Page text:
General population is only minimally exposed to the fields generated by base stations

Base stations with a wide coverage area use a clearly higher transmit power than mobile phones. Antennas with a high transmit power must be mounted in locations which prevent people from finding themselves in their proximity. Small base stations intended for indoor use usually have a transmit power roughly equal to that of mobile phones, allowing them to be safely installed closer to where people live. In 2014, STUK issued instructions for mobile phone operators on finding safe locations for base stations.

The general population is only minimally exposed to the fields generated by base stations because radiation rapidly diminishes in intensity as the distance to the base station increases. Exposure to radiation emitted by base stations in apartments, for example, is typically around one ten-thousandth and at most one-hundredth of the exposure limit. The most recent measurement campaign conducted by STUK (STUK-TR-16) surveyed the extent to which people are exposed to radio frequency radiation in apartments located in the vicinity of base stations. At its highest level, exposure was found to be approximately half a per cent of the maximum value.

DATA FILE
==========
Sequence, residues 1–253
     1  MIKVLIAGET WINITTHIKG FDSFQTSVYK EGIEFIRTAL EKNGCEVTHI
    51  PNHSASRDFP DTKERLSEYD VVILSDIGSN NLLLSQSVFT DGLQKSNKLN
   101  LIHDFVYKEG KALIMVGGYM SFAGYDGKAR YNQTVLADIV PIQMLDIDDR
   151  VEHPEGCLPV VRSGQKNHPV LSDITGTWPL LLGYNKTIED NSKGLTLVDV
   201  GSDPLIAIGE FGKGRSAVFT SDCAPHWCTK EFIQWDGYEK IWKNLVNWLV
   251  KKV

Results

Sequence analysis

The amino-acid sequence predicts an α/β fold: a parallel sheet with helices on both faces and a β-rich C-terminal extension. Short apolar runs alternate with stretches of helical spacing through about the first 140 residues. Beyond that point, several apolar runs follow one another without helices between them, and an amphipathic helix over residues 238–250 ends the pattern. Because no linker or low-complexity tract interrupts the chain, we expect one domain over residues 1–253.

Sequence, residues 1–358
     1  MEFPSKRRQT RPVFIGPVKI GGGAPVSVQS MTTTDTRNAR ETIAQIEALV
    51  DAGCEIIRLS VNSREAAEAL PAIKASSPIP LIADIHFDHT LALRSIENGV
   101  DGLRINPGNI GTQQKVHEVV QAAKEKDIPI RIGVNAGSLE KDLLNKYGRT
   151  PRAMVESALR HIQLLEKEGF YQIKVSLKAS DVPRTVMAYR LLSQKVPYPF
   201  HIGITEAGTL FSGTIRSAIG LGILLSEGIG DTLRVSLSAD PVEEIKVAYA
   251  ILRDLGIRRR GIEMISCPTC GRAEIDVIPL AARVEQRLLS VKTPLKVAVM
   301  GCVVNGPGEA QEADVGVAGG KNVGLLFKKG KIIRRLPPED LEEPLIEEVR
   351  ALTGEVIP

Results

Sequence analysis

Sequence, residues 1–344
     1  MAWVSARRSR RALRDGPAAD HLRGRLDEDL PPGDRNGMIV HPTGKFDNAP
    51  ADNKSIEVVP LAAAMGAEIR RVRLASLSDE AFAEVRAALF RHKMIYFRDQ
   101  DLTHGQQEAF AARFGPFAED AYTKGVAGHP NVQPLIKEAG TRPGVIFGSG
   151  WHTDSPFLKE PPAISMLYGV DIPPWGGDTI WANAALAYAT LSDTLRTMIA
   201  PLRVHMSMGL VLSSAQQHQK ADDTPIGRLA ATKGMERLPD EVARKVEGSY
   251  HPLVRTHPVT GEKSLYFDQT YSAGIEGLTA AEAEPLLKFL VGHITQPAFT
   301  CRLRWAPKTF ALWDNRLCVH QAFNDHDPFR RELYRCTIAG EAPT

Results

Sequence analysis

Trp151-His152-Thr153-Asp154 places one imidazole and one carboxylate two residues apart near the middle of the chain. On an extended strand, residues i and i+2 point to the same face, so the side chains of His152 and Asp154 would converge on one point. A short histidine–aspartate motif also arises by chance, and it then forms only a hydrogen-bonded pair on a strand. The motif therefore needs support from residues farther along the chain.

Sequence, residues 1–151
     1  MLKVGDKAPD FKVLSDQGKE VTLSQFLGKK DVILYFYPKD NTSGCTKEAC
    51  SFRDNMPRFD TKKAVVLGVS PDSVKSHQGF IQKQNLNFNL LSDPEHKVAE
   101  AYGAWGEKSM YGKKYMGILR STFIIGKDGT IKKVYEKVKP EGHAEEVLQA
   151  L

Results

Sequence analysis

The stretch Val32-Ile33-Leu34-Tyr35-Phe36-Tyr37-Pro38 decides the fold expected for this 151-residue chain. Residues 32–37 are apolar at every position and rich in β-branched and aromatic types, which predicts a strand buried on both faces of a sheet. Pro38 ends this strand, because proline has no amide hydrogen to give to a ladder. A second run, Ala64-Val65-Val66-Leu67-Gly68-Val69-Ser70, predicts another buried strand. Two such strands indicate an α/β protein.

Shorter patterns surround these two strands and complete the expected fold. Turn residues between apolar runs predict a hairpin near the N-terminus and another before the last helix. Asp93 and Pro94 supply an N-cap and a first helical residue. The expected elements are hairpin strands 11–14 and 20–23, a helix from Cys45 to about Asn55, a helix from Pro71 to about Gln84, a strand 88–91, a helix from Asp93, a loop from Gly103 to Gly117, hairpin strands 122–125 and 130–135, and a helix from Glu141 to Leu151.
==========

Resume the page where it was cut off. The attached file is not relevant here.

A base station mounted on the roof or exterior wall of a building does not expose resi-dents to radiation to any appreciable extent, as the antennas mostly radiate horizontally. Antennas must be directed so that exposure to radiation in adjoining buildings clearly remains below the exposure limits.

The volume of wireless data communications has skyrocketed over the past few years. Despite this, people are not exposed to radiation to any significant extent. Base stations representing the various systems (GSM, 3G and 4G) generate an equivalent level of radiation. In addition, in order to cover local shadow areas, antennas which are intended for indoor and which have an extremely low transmit power are increasingly being put into service.

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